How can I teach my children about anti-asian racism?
We highly recommend reading the following article: How To Start Conversations About Anti-Asian Racism With Your Family.  In the podcast, Audie Cornish talked to Nicole Chung, an author and advice columnist for Slate, and Christine Koh, a neuroscientist, and co-author of a parenting book. Koh mentions keeping conversations age-appropriate. When children are very young, it’s best to start teaching basic values like empathy. As we teach them about empathy, compassion, and understanding, we teach them that there are both a lot of similarites between kids and a lot of differences that should be celebrated. Emphasize that different is good. 
Talking to AAPI children…
Check out Talking to children about anti-Asian bias. For Asian-American families, many feel like they can’t avoid “the talk” any longer. This article describes how a mother is helping her daughter embrace her identity to counter racism. 
Resources for talking to AAPI children :
- “How to talk to your Asian immigrant parents about racism while considering their lived experiences”
- “How to talk to parents about race if you’re adopted or multiracial”
- Resources for Asian Americans learning about anti-Blackness by Asians American Advancing Justice – AAJC. 
For older children, in this article titled, How to Talk to Children About Anti-Asian Attacks, Anna Halkidis discusses a Guide for Parents of Asian/Asian American Adolescents. This guide is inclusive and quite helpful. It emphasizes the importance of a natural conversation rather than a lecture. Some of the suggestions from the guide include specific questions you can ask your child including:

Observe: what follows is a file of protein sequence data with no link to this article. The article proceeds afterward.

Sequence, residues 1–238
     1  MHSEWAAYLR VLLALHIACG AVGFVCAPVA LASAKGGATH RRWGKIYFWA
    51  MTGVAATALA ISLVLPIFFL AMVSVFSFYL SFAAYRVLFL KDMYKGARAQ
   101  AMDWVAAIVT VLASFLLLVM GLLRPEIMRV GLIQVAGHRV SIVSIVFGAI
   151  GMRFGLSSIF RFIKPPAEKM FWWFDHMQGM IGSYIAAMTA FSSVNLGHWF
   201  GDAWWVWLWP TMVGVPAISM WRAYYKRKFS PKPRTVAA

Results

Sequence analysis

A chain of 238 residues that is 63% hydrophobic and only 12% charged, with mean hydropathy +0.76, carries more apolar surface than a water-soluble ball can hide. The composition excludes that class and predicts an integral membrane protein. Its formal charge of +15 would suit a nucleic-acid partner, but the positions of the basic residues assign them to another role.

- Do you feel safe going back to school?
- What helps you feel safe?
- Do you worry about being looked at differntly because you’re Asian?
You can also use current events, TV shows, books, or movies as a way to discuss hateful incidents. It’s important to validate your child’s feelings and allow them to work through them naturally. Do not force it, but do not ignore it. Say things like, “Tell me more,” or “Thank you for sharing.” When children are given an opportunity to share how they feel, it’s quite empowering. The article also suggests talking openly with your child about your own feelings and experiences. This connects your family to establish a strong support system. 
Resources for parents who need more support to address coronavirus-related racism :
- Yellow Peril,
- MGH Center for Cross-Cultural Student Emotional Wellness,
- Bystander intervention trainings
- Asian American Racial Justice Toolkit.
- What you can do to fight violence and racism against Asian Americans
- The scapegoating of Asian Americans
- The mental health impact of anti-Asian racism